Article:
The sluggishness in the jobs market is neither a fiscal responsibility nor a monetary responsibility of the Federal Reserve, rather it’s about responsibility in the short run versus responsibility in the long run, says Edward Lazear, former economic adviser to President George W. Bush and a professor at the Stanford University.
The best policies to grow jobs are not the ones that are going to work in the next month or two, he noted, adding earlier measures (like quantitative easing) to grow jobs have not been particularly effective. In order to grow job, the economy needs to get back on the growth path as there’s nothing special about the job market right now.
The problem is that the recovery has not been strong enough and if we look at past data, growth has been about 2.2 percent annually since the economy came out of recession in the spring of 2009, he said. Looking at the number of jobs created since then, it becomes clear that the job market has done reasonably well, and we are close to historical averages. It’s not that jobs are not growing or the labor market is stuck, but the real problem is that the economy is stuck.
The Federal Reserve has limited tools remaining to nudge the unemployment rate down. Agencies typically use the tools first that are most effective to fight crises and the Fed has already used the tools that it thought would be most effective in stimulating the economy. That doesn’t mean the Fed has run out of gas completely, but the options are limited, he noted.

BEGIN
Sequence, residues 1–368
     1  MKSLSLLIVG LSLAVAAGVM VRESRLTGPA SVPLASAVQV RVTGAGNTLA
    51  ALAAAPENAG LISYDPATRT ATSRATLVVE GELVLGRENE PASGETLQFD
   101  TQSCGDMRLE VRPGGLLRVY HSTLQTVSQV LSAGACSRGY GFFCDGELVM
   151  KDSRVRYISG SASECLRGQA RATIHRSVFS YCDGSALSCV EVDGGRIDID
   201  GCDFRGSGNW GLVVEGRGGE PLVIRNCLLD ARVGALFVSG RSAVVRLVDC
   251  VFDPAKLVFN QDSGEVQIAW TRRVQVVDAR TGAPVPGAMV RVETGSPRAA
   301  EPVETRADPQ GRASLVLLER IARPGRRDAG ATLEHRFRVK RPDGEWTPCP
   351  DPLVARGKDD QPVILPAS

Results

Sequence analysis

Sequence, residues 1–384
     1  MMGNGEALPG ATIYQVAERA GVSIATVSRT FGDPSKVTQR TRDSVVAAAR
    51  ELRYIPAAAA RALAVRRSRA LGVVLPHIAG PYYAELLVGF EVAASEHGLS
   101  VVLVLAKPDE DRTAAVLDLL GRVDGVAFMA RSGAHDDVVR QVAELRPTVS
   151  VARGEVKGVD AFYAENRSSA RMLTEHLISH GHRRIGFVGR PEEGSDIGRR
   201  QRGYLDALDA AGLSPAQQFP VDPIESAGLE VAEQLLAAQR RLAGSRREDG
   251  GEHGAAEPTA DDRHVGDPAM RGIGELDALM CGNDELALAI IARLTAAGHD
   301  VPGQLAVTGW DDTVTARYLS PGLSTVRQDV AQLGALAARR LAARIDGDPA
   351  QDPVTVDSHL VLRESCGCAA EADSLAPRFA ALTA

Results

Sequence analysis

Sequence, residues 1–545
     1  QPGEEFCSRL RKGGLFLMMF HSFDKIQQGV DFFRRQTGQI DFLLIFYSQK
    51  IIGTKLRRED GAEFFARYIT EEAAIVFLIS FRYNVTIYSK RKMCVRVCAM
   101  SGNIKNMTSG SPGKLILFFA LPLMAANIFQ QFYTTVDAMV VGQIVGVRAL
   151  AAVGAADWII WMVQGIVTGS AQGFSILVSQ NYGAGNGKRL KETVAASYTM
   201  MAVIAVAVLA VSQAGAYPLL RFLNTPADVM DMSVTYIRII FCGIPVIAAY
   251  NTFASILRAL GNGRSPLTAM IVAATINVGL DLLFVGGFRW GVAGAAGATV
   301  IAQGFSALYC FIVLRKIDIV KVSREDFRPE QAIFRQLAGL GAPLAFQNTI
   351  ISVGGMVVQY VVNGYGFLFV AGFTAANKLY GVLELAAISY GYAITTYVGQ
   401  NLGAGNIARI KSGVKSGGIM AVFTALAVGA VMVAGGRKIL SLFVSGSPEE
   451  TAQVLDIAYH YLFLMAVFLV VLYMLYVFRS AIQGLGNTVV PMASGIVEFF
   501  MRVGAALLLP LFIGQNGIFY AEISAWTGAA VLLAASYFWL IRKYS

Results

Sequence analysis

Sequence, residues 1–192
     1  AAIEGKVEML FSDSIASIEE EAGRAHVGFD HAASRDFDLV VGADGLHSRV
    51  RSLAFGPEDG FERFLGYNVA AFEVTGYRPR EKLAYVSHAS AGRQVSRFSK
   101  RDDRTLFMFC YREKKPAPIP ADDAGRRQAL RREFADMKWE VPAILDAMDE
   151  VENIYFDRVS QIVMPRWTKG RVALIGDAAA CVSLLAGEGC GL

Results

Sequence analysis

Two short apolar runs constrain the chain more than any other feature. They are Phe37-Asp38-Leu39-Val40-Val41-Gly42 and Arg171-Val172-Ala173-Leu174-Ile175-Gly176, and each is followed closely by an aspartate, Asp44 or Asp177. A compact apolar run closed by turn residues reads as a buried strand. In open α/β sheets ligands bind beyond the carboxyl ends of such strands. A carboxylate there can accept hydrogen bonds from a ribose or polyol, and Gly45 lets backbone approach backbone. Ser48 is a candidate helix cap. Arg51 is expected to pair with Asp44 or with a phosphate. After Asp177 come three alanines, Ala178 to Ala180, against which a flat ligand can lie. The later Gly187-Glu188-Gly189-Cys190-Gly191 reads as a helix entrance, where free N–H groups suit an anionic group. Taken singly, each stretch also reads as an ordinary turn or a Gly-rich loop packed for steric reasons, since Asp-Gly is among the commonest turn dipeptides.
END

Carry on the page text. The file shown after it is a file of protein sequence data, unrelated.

Asked if the Fed should do nothing, he said that’ll be a heavy statement but probably we are thinking heavily about the benefits and not factoring in the costs. We are getting to the point where the costs are too high while the benefits are marginal, and it is better the Fed continues to do what it has been doing and not be particularly aggressive.
Is fiscal stimulus a viable option to boost growth since Bernanke himself has indicated that before? Not really, says Ed, pointing at Japan which has built up a debt-to-GDP ratio of 200 percent due to two decades of stimulus activity and yet the economy is stuck in the rut.
So there’s not much evidence that fiscal stimulus works. What effectively works is the long run, which means low and effective tax rates, good trade policy, a cautious side of regulation and most importantly, getting the fiscal situation under control.
You can watch the video here.